Multi-sample scanning - Also described earlier, this option allows you to select 1, 4, or 16 samples per pixel. Greatly lengthens scan time at the higher settings, but dramatically reduces noise in deep shadows.
Miscellaneous - The sub-options here include the interpolation method to be used for scans beyond the scanner's maximum resolution. Pre-scan choices are labeled the not-terribly-informative "Normal" and "Alternative." "Alternative" is intended for use with images that don't have any clear black or white-point. (The example cited by Nikon in the manual is close-up photos, in which a narrow range of colors predominates.)
Strip-film offset adjustment (SA-20 module only) - This option only appears when the SA-20 strip-film adapter is inserted. It allows you to adjust where the scanning process begins relative to the film frames. We fortunately seldom needed this, but found it a bit frustrating when we did: In order to see the results of your adjustment, you need to click the Reload button to do another preview scan, a time-consuming process. (You'd think it would have been fairly easy to provide some visual feedback while making the adjustment itself.)
Initial crop setting (IA-20 module only) - This option only appears when the IA-20 adapter for APS film is present. It allows you to set the initial cropping in the preview/crop area to suit photos made at the three APS aperture settings of "classic," "wide," and "panorama."
Feed images (SF-200 module only) - This option only appears when the SF-200 bulk slide-feeder module is attached. To support batch scanning, you can enter a number in the "Feed Images" text box, representing the number of slides to be scanned with the current scan settings when the scan button is pressed. Set to "999" to scan all slides in the feeder.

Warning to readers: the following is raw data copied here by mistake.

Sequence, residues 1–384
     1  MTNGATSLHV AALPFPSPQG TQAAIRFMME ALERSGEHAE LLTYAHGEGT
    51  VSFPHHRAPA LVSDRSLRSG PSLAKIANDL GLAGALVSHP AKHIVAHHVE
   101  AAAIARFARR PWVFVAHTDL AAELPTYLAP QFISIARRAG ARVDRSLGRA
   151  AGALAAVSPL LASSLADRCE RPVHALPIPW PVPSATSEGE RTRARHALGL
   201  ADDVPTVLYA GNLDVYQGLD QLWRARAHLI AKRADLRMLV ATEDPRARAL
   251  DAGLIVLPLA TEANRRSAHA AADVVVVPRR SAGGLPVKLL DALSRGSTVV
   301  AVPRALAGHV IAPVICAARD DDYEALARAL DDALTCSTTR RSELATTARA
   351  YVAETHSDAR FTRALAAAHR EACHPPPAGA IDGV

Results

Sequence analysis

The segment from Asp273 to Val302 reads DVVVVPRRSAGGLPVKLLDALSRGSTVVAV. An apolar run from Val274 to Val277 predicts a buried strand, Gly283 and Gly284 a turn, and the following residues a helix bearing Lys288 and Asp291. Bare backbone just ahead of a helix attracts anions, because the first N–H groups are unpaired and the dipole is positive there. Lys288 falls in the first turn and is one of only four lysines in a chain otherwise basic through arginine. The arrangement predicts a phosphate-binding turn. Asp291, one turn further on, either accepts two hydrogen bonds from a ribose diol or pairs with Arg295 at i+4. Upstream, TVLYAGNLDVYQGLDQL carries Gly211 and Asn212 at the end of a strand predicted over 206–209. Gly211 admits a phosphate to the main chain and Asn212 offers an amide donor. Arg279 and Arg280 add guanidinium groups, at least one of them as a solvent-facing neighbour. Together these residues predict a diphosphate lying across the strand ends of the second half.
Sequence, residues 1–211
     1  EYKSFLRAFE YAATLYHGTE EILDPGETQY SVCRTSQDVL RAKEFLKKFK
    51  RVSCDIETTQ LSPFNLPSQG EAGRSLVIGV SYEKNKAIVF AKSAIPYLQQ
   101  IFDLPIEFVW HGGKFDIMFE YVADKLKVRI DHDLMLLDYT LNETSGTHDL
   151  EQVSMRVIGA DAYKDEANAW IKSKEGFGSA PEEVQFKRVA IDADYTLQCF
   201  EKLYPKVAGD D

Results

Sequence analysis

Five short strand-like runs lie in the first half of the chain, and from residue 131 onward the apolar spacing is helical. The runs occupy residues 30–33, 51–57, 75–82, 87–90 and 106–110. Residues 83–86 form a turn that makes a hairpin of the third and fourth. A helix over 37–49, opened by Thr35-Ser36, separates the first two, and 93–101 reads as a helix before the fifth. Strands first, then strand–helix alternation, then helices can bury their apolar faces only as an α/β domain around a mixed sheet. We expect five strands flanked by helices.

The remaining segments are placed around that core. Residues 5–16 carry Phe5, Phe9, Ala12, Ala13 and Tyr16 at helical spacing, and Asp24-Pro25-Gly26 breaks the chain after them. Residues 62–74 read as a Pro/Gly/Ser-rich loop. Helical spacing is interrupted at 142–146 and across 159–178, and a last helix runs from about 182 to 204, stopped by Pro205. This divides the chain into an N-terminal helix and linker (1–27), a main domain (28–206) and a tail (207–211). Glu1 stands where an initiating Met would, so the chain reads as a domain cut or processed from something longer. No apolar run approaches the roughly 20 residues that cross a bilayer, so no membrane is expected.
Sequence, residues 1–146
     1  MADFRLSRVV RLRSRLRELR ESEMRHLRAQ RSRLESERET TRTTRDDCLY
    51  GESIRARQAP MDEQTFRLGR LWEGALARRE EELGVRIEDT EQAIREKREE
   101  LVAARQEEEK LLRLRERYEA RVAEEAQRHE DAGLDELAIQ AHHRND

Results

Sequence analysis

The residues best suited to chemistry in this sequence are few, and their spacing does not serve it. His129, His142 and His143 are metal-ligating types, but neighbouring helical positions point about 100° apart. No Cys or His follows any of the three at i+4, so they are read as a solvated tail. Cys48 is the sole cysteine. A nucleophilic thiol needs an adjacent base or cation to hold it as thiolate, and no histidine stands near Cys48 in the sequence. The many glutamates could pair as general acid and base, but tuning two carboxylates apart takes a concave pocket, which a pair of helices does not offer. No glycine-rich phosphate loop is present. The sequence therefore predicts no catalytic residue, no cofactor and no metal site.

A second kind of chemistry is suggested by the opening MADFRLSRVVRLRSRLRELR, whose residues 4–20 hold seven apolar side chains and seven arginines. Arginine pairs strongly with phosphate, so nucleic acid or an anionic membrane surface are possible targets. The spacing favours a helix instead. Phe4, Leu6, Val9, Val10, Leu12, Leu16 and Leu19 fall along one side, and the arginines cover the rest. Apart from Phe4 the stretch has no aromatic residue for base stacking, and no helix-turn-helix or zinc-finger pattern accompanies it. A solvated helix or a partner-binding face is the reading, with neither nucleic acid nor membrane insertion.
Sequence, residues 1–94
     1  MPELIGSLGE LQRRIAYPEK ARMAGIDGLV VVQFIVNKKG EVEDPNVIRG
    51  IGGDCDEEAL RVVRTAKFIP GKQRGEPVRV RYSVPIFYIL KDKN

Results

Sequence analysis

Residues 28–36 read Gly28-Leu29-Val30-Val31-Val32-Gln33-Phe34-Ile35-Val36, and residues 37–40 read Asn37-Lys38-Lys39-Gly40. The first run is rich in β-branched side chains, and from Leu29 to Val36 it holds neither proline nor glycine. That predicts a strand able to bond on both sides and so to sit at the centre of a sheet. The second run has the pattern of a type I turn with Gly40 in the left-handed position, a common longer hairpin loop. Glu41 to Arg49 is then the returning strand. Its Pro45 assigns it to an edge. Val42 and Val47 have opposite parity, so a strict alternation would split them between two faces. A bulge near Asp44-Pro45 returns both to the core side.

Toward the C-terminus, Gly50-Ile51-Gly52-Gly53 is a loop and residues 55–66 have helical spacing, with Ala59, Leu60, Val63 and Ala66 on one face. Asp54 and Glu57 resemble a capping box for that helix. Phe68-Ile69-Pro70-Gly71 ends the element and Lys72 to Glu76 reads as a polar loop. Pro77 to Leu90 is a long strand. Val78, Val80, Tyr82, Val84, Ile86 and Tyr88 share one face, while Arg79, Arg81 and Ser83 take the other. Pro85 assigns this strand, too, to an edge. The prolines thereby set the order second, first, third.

Whew! We thought we'd never get through describing all the functions of this scanner!
If one thing's clear with the LS-2000, it's that you (sometimes) clearly get what you pay for. While scanners we've tested selling in the $300-$500 range are capable of producing nice results (and in the process, far exceeding the performance of all but the highest-end professional digital cameras), the Super CoolScan LS-2000 completely blows them away! Of course, this should probably come as no surprise for a scanner costing almost $2000, but we were surprised at just how great the difference was.
First and foremost, the LS-2000 is capable of producing great scans simply by using its default settings: Far less twiddling of the scan parameters are required to obtain excellent results. This deserves some special comment: If you're in a production environment, you need to crank out scans with the absolute minimum of fuss and bother possible. While many scanners can produce reasonably good images given sufficient tweaking of the controls, the LS-2000 consistently produced good results using only default settings: With these results as a starting point, the process of making fine adjustments to arrive at the final scans went much faster. Unfortunately, other than making a brief observation to this effect, we really have no way to quantify for you just how "fast" or "slow" a scanner is in this respect.
When you do need to tweak the settings, the LS-2000 provides you a tremendous range of control, in some cases allowing you to affect the basic operation of the scanner to extract the most from each frame. As you might imagine, the wealth of capabilities means there's a bit of a learning curve to traverse to become comfortable with this product, and to effectively make use of all its capabilities. Overall though, once we'd ventured up this learning curve ourselves, we found the LS-2000 quite straightforward to operate. The one area we never seemed to get used to though, was specifying scan size and resolution. Given more routine use of the unit, this doubtless would have become clear also, but in our relatively brief experience, we always found ourselves fumbling around a bit each time, before we finally got the scan size set to where we wanted it.